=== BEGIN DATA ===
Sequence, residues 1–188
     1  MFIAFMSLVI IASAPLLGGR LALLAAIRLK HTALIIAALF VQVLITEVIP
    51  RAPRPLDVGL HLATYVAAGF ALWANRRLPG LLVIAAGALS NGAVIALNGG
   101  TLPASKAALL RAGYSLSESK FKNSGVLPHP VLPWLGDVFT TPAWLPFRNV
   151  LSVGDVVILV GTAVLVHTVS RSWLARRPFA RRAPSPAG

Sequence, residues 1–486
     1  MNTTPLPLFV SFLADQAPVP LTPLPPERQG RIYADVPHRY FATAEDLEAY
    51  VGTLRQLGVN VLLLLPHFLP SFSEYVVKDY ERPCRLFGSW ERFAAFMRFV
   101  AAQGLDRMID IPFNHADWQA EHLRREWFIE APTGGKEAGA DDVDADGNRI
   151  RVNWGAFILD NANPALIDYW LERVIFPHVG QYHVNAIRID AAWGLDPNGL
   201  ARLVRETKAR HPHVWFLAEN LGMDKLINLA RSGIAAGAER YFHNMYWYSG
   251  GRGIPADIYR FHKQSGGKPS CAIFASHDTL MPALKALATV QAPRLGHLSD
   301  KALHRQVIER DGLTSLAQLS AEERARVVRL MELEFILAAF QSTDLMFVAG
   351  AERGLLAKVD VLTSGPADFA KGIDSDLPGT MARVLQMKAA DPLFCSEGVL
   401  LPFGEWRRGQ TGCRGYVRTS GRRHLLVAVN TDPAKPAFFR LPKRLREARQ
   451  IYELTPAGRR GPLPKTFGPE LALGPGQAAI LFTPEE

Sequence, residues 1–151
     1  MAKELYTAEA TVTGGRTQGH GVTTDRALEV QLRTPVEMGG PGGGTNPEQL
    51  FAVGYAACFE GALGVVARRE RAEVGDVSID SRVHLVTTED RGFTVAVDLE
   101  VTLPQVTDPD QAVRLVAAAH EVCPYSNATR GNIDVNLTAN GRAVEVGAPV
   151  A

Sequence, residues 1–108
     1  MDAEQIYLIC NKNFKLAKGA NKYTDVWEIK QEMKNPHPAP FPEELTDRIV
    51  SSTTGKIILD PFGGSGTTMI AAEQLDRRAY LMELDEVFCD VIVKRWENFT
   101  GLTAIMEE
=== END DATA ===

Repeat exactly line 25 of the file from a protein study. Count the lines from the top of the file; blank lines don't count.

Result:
   101  GLTAIMEE